Every ounce of physics happening within a car is based around energy transfer. Energy can start in one form and be forced to change to another; chemical to heat, heat to sound, potential to kinetic. And there are multiple components that go about amplifying certain inputs to useful outputs, many of them through hydraulics. Although many driver inputs are slowly working their way towards electrification or ‘by wire’, plenty of cars still use the old-fashioned hydraulic and cable methods that we all know and love.
The master and slave cylinders are used as focal points for pressure to be created; so what are they and how do they work?
The clutch and brakes on a car need a little help to actuate, considering the forces that they are designed to oppose, therefore hydraulic pressure is created within the master and slave cylinders to provide the required force. The master cylinder can be found directly behind the pedal box, connected to a respective pedal.
Let’s start with the brakes; as force is applied through the brake pedal, a pushrod is pushed through hydraulic fluid to create hydraulic pressure. Therefore a non-hydraulic pressure (from the pedal) is converted into a hydraulic pressure through energy transfer. The master cylinder features a reservoir of fluid to store the amount needed and below this reservoir sits the bore in which is housed two pistons separated by a spring. As the pistons are acted upon via the pushrod, they push through the hydraulic fluid, compressing against it and creating an internal pressure. This pressure is then sent through the brake lines to actuate either a brake drum or caliper.
Each piston corresponds to a different brake ‘circuit’ which doubles up as an added safety measure. One piston is used to send hydraulic pressure to the front right and back left brake callipers, and the second is used to assist the front left and back right respectively. Using this method – if the first piston was to fail or primary hydraulic pressure is lost, the pushrod would simply need to be pushed further down the bore until the failed piston met up with the second piston, thus allowing at least some hydraulic pressure to be applied. This means that at least some braking force is applied to both the front and back wheels of the vehicle, with the reservoir also being split in two to aid the division of hydraulic pressure.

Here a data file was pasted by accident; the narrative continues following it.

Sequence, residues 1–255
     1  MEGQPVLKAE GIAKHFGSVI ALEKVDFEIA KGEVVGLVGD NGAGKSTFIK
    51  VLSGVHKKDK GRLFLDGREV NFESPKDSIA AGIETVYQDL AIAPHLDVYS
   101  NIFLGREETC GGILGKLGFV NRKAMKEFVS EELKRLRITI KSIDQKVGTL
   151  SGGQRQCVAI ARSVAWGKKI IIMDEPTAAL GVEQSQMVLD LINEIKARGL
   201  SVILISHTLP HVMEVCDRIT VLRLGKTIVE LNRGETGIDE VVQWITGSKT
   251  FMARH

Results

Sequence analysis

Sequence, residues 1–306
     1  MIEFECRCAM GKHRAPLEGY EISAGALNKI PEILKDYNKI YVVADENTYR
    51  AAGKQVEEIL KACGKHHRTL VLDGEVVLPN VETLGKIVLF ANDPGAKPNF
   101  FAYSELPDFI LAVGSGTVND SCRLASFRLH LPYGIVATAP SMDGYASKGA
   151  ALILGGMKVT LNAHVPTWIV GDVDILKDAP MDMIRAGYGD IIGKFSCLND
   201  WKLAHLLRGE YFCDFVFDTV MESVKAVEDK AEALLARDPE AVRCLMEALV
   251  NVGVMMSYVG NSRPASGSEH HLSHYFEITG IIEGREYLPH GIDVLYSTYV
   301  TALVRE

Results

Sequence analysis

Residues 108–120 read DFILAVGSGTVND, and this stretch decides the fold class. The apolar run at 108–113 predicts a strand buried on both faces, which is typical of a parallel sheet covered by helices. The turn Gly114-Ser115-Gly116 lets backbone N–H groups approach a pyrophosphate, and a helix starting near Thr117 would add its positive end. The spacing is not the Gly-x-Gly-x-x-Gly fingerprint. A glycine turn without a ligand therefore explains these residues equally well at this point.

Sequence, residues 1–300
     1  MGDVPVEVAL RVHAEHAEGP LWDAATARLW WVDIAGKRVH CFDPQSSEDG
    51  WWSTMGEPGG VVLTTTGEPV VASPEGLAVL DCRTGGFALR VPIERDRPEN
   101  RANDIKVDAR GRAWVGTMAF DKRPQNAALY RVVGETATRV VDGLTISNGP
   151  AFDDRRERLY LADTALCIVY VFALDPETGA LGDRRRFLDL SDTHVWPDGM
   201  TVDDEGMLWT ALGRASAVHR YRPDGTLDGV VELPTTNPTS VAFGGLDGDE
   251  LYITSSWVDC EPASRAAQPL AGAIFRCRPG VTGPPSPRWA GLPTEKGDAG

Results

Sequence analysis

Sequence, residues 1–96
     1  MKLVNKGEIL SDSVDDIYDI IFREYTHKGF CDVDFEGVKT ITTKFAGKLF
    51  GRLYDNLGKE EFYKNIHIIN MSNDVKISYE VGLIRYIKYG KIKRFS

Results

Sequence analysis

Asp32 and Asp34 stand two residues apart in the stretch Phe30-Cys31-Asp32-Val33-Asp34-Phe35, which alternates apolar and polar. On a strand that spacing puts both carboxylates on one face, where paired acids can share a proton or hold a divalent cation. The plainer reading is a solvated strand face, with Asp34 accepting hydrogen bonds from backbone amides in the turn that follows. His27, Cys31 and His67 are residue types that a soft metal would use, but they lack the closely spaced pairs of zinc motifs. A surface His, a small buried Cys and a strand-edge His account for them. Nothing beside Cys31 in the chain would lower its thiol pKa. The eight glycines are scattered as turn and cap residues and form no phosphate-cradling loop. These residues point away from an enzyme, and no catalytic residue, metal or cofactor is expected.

The master cylinder effectively works as a hydraulic pump, from which fluid is fed to the slave cylinders further down the line. The slave cylinder is found at the other end of the hydraulic system and works in the opposite way to the master cylinder. Once the hydraulic fluid has transferred through to the slave cylinder, the pressure is used to actuate a linkage back and forward, converting the movement of fluid back into mechanical movement of the linkage.
The slave cylinders in a car are therefore used to finish the amplification of the forces from your foot inputs through to the clutch and brakes respectively. In the case of the clutch, the slave cylinder actuates the clutch fork to disengage the clutch friction plate from the flywheel, with a return spring reversing the process. And the slave cylinder found at each set of brake calipers on a car is used to close the brake pads around the brake disc. To add assistance to the braking system, a brake servo sits in front of the master cylinder and uses the vacuum created within the inlet manifold to further amplify the hydraulic pressure within the braking system.
Master and slave cylinder failure can be a bit of a nightmare, with most faults coming from leaks in hydraulic fluid leading to a lack of pressure. This can lead to a gear change becoming incredibly difficult to perform as the force being applied through the clutch pedal is simply not enough to efficiently actuate the clutch fork. Therefore a faulty slave cylinder can render a car nearly undriveable if failure occurs. Obviously a hydraulic fault like this within the braking system can be even more catastrophic, which is why the master cylinders are engineered with a certain safety factor using the secondary piston within the mechanism.
If you ever feel like your clutch has ‘gone’ due to an extremely stiff gear change which may even result in a grinding of gears, the chances are it’s probably a hydraulic failure from either the master or slave cylinder. Possibly it’s just a small hydraulic leak that needs to be plugged followed by a quick reservoir top-up, or it could be genuine damage to the piston or spring mechanisms within the cylinders. So next time you press down on either the brake or clutch pedals, you’ll now know exactly what’s going down!